> consciousness, don't you?*
>

Of course.

> *I think you are being inconsistent here.*
>

It would be inconsistent if personal identity were a noun but it's not, its
an adjective. I am the way matter behaves when it is organized in a
johnkclarkian way, if the pattern of electrical charges inside a computer
are organized in a johnkclarkian way then that is John K Clark.

> *If change is an illusion,*
>

When talking about the nature of consciousness that word should never be
used because it is a total cop out and explains nothing.


> > *that illusion can exist within the conscious minds implemented in
> platonic computations as well.*
>

It's not just consciousness, NOTHING can exist inside the mind of a
platonic computer unless something changes, and it only has numbers to work
with or it wouldn't be platonic so nothing can change.


> >>> Think of consecutively computed states in the Game of Life, for
>>> example.
>>>
>>
>> >>Bad example. There is no memory in the Game of Life,
>>
>
> > *I picked the example on purpose. Game Of Life is Turing Complete.*
>

I know, I've mentioned that fact on this list many many times; it means if
you organize matter according to the rules determined by the game of life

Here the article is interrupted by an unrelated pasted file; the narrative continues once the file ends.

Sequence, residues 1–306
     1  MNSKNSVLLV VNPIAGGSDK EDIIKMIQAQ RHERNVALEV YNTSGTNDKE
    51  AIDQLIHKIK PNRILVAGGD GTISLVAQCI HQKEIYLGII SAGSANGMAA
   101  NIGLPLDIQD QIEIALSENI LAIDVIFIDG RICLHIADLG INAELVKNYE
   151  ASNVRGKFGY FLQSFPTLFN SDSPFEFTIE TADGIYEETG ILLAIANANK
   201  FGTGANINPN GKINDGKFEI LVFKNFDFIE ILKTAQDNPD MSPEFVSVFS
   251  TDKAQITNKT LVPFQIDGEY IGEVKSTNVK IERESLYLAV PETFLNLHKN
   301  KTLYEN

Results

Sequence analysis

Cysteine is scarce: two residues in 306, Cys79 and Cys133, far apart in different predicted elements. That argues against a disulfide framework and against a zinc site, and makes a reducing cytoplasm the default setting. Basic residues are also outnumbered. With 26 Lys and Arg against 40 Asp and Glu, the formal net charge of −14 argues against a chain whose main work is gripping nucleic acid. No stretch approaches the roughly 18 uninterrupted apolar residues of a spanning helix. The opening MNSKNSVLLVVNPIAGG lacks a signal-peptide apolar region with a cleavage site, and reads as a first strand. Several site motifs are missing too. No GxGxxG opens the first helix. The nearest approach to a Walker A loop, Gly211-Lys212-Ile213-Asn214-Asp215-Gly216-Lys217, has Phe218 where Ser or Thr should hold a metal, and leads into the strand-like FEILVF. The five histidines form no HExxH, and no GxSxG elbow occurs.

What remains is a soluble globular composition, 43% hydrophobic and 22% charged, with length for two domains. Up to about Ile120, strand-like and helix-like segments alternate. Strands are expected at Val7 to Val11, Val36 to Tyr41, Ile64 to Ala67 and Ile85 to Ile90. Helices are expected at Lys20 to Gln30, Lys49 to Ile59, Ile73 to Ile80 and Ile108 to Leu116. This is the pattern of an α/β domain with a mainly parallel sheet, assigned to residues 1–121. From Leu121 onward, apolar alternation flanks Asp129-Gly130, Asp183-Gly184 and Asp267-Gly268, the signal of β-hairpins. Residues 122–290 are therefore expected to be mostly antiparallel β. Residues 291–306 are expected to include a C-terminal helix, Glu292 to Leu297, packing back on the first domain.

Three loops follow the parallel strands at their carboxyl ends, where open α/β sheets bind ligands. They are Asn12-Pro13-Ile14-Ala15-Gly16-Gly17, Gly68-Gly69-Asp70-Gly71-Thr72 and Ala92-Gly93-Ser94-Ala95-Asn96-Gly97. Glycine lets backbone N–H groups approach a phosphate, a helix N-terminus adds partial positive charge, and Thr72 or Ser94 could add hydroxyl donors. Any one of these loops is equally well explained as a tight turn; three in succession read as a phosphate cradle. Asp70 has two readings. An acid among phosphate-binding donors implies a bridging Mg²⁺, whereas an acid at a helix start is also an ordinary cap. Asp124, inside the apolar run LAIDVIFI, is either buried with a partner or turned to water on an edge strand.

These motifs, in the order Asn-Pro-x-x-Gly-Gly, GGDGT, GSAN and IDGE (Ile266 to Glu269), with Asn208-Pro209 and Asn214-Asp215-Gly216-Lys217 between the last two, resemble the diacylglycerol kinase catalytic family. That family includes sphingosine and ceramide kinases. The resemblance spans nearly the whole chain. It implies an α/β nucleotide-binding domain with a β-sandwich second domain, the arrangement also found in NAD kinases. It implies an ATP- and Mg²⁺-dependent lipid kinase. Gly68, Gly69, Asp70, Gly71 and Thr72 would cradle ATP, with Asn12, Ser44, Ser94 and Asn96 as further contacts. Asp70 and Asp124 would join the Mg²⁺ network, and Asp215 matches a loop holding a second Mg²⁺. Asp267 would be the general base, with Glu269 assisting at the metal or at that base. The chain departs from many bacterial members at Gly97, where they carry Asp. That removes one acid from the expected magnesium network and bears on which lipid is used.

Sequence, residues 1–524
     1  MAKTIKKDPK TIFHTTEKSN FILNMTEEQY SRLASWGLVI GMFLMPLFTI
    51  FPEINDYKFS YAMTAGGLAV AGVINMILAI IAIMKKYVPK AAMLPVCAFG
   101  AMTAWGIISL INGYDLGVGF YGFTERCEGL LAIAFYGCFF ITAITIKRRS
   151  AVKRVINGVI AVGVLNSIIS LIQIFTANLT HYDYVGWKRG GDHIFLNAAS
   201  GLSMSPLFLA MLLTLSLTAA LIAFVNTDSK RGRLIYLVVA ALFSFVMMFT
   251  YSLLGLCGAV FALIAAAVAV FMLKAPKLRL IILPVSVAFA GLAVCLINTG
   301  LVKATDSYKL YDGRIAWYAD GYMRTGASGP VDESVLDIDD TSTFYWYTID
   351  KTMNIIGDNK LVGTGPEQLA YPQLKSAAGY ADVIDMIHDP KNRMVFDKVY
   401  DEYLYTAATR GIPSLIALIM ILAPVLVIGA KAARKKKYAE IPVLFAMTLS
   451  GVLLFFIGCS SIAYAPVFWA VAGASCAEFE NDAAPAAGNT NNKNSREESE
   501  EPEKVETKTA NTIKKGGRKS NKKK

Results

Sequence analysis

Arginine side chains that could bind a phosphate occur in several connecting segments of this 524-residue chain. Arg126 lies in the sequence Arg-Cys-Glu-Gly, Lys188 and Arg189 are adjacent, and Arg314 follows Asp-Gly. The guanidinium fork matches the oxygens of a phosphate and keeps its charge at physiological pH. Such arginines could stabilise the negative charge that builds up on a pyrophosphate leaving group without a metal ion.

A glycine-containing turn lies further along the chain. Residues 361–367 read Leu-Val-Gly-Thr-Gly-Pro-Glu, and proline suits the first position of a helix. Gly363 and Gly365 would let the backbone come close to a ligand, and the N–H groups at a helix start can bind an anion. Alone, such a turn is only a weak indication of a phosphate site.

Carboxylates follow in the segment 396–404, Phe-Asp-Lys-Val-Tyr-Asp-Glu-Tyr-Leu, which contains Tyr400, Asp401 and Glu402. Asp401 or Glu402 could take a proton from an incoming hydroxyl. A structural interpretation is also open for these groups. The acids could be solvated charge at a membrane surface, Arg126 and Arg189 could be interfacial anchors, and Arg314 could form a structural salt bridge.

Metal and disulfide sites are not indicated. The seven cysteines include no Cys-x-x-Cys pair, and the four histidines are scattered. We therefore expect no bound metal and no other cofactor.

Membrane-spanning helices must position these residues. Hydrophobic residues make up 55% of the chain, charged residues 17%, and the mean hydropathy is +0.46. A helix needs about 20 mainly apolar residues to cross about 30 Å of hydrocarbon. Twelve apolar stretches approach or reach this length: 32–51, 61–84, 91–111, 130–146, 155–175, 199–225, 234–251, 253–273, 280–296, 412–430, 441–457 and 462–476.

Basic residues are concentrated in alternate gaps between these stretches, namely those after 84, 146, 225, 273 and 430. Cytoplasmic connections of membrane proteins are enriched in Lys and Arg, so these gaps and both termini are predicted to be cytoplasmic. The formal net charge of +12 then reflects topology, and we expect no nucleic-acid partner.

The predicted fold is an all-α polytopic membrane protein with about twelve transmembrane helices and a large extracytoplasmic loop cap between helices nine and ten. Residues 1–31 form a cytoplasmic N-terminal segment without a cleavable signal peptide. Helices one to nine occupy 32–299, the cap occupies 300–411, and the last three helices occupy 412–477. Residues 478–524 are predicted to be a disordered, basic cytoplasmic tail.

then that matter can compute anything that can be computed.

> You can build Turing Machines in the Game of Life, so you can build
> systems with memories
>

NO! You can't store any memories in the game, if I show you a particular
Life pattern you could figure out its next state but there is no way in
general you or anybody else could figure out what it's previous pattern was
because there just isn't any information about that stored inside the
pattern. When the game is run memories of a previous state in the game are
stored *outside* of the game in silicon memory chips that are part of the
computer running the Life program.

> *Likewise with out universe, as the quantum erasure experiment shows, or
> even just the single photon interferometer experiment.*


A photon is a particle and it contains energy not numbers.

>>And the Game of Life needs either a biological brain or a electronic
>> computer for the game to change, that is to say for it to DO anything, and
>> both brains and computers are made of matter and obey physics.
>
>
> *> False, see above. *


See what above?

*> You can have a non-biological, non-electronic computer built within the